If items, orders, and inventory were numbered across the whole system, you could omit the double rectangles. The double lines can be omitted if any entity can exist without the related entity.
A summary of ER notation tools is shown in Figure E-6.
There are five steps to convert an ER model to SQL CREATE TABLE statements.
The first step is the simplest. Here's what you do:
For each non-weak entity in the ER model, write out a CREATE TABLE statement with the same name as the entity.
Include all attributes of the entity and assign appropriate types to the attributes.
Include as table attributes all of the ER model attributes that uniquely identify the entity and add the NOT NULL modifier to them. Include a PRIMARY KEY clause that lists the attributes.
To perform this step, you need to make decisions about attribute types in the SQL CREATE TABLE statements. Attribute types are discussed in Chapter 5.
There are several non-weak entities in the model. Let's begin with the region entity, which has the attributes region_id and region_name. You might anticipate no more than 100 different regions, but let's be cautious in case more than 1,000 regions need to be stored. So, let's decide that region_id is an int (integer) type and that it has a width of 4 digits. Let's assume that a region name can be at most 100 characters in length and define region_name as a varchar(100).
As decided earlier in the appendix, the unique key of the region table is an ID, which is now called region_id. Accordingly, you define a PRIMARY KEY of region_id. A requirement of all primary keys is that they are specified as NOT NULL, and this is added to the attribute.
The resulting definition for the region table is as follows:
CREATE TABLE region ( region_id int(4) NOT NULL, region_name varchar(100) NOT NULL, PRIMARY KEY (region_id), KEY region (region_name) ) type=MyISAM;
Notice an additional KEY on the region_name named region. By adding this key, we're anticipating that a common query is a search by region_name. Also, a region must have a name, so a NOT NULL is added to the region_name attribute. Last, we've added a table type of MyISAM to the end of the definition; table types are discussed in Chapter 15.
The CREATE TABLE statements for the other non-weak entities are listed next. Remember, however, that this is only the first step: some of these CREATE TABLE statements are altered by the processes in later steps. Here they are:
CREATE TABLE countries ( country_id int(4) NOT NULL, country char(30) NOT NULL, PRIMARY KEY (country_id), KEY (country) ) type=MyISAM; CREATE TABLE customer ( cust_id int(5) NOT NULL, surname varchar(50), firstname varchar(50), initial char(1), address varchar(50), city varchar(50), state varchar(20), zipcode varchar(10), phone varchar(15), birth_date char(10), PRIMARY KEY (cust_id) ) type=MyISAM; CREATE TABLE grape_variety ( variety_id int(3) NOT NULL, variety varchar(50) DEFAULT '' NOT NULL, PRIMARY KEY (variety_id), KEY var (variety) ) type=MyISAM; CREATE TABLE titles ( title_id int(2) NOT NULL, title char(10), PRIMARY KEY (title_id) ) type=MyISAM; CREATE TABLE users ( user_name varchar(50) NOT NULL, password varchar(32) NOT NULL, PRIMARY KEY (user_name), KEY password (password) ) type=MyISAM; CREATE TABLE wine ( wine_id int(5) NOT NULL, wine_name varchar(50) NOT NULL, year int(4) NOT NULL, description blob, PRIMARY KEY (wine_id), KEY name (wine_name), ) type=MyISAM; CREATE TABLE winery ( winery_id int(4) NOT NULL, winery_name varchar(100) NOT NULL, PRIMARY KEY (winery_id), KEY name (winery_name), ) type=MyISAM;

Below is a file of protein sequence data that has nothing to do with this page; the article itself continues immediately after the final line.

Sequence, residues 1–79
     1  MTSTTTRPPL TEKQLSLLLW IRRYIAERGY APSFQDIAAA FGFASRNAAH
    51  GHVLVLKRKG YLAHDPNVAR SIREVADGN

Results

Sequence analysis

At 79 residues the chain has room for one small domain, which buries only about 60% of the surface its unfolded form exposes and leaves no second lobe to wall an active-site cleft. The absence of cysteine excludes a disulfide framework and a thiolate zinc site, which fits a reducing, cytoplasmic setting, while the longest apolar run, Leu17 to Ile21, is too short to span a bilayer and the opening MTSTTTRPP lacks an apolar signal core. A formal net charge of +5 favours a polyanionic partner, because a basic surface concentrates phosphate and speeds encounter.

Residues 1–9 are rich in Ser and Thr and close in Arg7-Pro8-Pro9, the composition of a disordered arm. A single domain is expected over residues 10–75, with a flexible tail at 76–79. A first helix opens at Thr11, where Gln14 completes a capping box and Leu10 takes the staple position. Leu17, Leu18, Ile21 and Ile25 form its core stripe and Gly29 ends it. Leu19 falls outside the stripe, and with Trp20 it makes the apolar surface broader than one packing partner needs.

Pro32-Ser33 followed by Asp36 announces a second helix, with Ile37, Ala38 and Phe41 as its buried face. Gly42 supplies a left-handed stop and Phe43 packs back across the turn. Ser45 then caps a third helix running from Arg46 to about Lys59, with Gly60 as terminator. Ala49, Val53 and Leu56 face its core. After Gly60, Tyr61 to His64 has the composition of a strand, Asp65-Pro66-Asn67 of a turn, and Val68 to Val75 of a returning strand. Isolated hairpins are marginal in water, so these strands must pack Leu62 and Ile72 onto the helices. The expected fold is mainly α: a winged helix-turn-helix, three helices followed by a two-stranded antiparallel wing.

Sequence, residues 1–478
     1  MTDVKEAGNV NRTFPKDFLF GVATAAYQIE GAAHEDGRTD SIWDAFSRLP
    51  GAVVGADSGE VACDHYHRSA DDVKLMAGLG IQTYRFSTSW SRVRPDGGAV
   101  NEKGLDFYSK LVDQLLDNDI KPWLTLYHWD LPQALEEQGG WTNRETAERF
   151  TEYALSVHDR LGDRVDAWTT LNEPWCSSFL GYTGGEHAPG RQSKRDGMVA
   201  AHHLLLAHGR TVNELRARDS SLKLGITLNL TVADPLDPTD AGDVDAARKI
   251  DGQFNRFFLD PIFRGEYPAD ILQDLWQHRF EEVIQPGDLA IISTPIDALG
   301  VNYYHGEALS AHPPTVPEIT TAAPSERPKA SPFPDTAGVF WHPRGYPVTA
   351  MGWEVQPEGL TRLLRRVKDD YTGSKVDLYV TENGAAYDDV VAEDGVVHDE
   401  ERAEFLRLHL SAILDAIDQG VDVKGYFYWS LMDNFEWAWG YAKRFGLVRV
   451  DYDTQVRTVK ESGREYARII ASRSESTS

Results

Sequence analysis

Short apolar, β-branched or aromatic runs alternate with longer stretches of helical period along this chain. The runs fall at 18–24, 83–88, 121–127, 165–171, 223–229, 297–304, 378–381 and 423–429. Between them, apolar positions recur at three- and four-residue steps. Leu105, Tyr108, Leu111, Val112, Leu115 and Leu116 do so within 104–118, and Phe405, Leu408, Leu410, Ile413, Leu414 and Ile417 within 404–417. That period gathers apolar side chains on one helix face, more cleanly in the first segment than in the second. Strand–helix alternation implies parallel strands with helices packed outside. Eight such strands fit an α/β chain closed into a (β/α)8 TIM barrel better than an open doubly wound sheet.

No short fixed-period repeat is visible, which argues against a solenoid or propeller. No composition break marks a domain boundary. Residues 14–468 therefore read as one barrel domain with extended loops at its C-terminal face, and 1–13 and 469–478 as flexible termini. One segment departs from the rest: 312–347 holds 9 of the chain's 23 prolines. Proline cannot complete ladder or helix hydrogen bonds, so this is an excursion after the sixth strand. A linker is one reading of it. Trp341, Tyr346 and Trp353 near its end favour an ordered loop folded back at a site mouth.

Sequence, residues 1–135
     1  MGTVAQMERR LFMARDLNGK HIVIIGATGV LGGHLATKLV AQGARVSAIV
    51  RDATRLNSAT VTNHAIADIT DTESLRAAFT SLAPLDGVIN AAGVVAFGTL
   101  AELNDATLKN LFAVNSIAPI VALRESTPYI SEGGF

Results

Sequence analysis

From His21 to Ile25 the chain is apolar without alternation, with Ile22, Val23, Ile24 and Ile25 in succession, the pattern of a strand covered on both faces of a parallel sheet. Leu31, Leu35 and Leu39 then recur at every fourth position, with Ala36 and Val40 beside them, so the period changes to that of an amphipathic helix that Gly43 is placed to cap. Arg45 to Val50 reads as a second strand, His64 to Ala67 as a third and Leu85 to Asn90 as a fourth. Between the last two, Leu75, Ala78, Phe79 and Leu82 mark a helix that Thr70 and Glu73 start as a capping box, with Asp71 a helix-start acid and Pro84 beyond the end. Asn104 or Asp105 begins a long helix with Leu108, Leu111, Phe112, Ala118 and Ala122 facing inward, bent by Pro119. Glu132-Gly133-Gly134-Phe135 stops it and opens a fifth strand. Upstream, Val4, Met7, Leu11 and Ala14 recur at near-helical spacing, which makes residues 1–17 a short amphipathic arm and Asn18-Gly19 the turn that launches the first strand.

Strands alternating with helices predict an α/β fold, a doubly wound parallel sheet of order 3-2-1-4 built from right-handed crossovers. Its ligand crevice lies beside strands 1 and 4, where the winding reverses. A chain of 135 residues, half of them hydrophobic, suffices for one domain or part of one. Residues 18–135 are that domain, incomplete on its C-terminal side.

The second step is almost identical to the first but is used for weak entities. Here's what you do:
For each weak entity in the model?there are three: inventory, orders, and items?translate the entity directly to a CREATE TABLE statement as in Step 1.
Include all attributes as in Step 1.
Include as attributes the primary key attributes of the owning entity, the entity the weak entity is related to. Then, include these attributes as part of the primary key of the weak entity.
For example, for the inventory entity, create the following:
CREATE TABLE inventory ( wine_id int(5) NOT NULL, inventory_id int(3) NOT NULL, on_hand int(5) NOT NULL, cost decimal(5,2) NOT NULL, date_added date, PRIMARY KEY (wine_id,inventory_id) ) type=MyISAM;
The wine_id is included from the wine table and forms part of the PRIMARY KEY definition. However, just because we've done this, it doesn't mean that our SQL queries can automatically discover the relationship between wine and inventory or that the numbering in the identifiers will be synchronized. You need to maintain the relationships using SQL queries that specify the join attributes in WHERE clauses. This is discussed in Chapter 5.
Note that all attributes can't be NULL in the inventory table, so NOT NULL is used liberally.